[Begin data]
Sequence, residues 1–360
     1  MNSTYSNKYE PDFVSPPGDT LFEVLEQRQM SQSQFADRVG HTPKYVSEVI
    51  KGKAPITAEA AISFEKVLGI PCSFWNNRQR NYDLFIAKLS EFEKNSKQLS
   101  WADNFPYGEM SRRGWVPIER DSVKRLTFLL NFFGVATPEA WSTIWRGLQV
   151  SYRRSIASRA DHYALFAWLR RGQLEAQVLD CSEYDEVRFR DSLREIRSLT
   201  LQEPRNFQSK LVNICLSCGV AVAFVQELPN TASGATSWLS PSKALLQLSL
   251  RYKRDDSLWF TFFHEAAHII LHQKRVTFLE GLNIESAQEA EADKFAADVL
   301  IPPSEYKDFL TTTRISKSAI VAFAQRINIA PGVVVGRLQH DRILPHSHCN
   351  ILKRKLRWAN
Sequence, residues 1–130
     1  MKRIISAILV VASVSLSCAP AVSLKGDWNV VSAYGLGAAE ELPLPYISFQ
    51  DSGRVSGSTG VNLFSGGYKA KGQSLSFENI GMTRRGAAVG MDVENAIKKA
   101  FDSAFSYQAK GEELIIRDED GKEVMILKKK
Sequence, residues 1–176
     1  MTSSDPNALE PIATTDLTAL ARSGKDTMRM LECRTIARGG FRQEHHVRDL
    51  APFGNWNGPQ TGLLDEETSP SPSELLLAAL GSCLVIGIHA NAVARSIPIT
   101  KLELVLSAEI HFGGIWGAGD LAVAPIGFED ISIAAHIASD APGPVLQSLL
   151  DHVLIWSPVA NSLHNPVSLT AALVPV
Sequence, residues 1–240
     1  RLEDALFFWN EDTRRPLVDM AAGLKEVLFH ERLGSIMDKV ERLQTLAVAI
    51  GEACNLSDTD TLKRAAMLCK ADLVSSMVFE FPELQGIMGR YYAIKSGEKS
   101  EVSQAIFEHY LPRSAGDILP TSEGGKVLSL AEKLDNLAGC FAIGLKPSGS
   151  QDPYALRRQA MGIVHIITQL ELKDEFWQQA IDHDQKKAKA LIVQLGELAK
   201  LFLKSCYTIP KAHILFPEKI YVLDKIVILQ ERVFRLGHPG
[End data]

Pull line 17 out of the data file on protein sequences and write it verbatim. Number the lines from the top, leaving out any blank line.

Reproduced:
   101  KLELVLSAEI HFGGIWGAGD LAVAPIGFED ISIAAHIASD APGPVLQSLL